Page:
Open-Source Technologies May Be the Key to Future ProfitsBy Michael Vizard | Posted 2008-04-16 Email Print
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As budgets tighten, one way solution providers can look to differentiate themselves in the managed-services space is to build their own applications on the open-source Zenoss platform.
While there has been a lot of healthy debate about the value of selling open-source technologies in the channel, one area that received little or no attention is the value of using open-source products.
That all looks like it might be about to change with the arrival of an open-source platform for delivering managed services from Zenoss. Although Zenoss is hardly a major name in the channel, the company already has 4,000 deployments of its platform, mostly among telecommunications providers and independent software vendors that have moved into the managed-services space.
All told, the company has 30,000 people registered to use the product with about 100 of those people actively contributing code to the development of the platform. Zenoss intends to expand its customer base by actively recruiting traditional solution providers with a relatively simple message. Because Zenoss gives its customers access to the software code that powers the platform, the solution providers that use the platform can more easily differentiate themselves from other providers in the market by developing applications on top of the Zenoss platform.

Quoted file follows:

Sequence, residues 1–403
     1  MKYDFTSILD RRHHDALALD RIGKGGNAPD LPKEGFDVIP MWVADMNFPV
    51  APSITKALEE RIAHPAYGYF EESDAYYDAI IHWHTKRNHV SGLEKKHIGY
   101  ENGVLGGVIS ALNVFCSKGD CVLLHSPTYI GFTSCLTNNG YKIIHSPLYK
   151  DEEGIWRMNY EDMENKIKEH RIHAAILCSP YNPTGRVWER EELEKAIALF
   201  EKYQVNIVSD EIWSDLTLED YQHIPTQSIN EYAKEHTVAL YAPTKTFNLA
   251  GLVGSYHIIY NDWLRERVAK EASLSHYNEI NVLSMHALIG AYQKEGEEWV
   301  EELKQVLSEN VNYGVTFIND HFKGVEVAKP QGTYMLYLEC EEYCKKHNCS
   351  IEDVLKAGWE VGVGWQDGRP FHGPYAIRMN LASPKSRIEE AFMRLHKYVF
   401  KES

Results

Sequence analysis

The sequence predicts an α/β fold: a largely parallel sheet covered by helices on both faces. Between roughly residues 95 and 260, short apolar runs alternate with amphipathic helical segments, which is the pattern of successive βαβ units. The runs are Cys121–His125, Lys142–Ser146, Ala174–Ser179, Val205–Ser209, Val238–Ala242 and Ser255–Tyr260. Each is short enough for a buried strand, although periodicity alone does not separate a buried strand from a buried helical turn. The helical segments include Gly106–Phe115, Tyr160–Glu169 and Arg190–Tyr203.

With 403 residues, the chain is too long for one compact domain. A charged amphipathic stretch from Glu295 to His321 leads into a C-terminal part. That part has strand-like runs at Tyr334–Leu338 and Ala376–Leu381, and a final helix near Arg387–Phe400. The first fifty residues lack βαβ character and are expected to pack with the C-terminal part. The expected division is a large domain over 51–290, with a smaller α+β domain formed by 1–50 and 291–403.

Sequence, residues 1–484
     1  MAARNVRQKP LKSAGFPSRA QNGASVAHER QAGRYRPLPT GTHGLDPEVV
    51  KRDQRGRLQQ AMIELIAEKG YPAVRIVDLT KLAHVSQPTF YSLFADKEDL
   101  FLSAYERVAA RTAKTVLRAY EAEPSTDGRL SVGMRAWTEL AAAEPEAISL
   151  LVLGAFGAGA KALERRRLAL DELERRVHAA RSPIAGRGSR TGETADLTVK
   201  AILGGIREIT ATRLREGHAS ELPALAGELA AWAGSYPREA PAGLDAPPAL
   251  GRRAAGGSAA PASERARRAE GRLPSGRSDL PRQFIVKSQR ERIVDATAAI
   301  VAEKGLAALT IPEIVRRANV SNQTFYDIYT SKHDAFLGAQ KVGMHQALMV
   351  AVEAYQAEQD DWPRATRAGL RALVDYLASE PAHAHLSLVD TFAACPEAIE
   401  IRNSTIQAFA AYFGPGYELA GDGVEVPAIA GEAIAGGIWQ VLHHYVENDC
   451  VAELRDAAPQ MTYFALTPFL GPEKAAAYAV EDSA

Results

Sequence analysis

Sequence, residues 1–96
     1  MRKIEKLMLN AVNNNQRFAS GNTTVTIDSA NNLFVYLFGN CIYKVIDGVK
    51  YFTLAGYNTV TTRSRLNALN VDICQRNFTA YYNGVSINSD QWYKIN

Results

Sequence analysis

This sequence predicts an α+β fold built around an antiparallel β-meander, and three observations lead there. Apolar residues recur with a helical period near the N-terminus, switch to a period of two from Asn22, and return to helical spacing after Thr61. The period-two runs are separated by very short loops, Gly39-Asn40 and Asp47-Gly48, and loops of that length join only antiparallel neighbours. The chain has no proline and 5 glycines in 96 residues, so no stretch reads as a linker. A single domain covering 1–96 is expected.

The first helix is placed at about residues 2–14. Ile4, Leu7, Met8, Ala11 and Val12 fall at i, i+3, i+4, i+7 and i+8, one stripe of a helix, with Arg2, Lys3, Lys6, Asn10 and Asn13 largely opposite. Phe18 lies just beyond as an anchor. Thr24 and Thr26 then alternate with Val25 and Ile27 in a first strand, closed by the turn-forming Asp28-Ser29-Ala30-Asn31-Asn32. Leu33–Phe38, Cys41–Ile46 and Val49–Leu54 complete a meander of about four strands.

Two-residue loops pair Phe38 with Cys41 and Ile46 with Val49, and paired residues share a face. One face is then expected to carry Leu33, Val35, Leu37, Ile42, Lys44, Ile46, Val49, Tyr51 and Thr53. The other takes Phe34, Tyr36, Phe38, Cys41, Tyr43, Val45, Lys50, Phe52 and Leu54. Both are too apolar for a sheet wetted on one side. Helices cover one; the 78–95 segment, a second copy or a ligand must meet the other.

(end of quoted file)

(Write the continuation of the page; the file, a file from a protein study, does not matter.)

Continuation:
In contrast, every other managed-services platform in the market is based on proprietary code. That means that whatever applications developed by the companies that own those platforms are available to everybody who licenses the platform.
The way Zenoss makes money is that it charges a fee to companies that use its development kit to customize the platform. In addition, it provides customers with the ability to resell those customized applications to other solution providers through a network managed by Zenoss.
Beyond the fact that Zenoss provides a way to deliver managed services less expensively, what is interesting about the whole model is how it can be applied elsewhere. For example, it would not take much of an investment to provide a set of managed services around the MySQL database from Sun or the JBoss application server from Red Hat.
Most of the providers of open-source technologies have done a poor job of promoting their products in the channel, but as costs continue to become a factor in a softening economy, a lot of solution providers are going to look for ways to deliver services to their customers more profitably. And as that continues to happen, the odds are good that in the years ahead open-source technologies will be playing a much bigger role in the channel.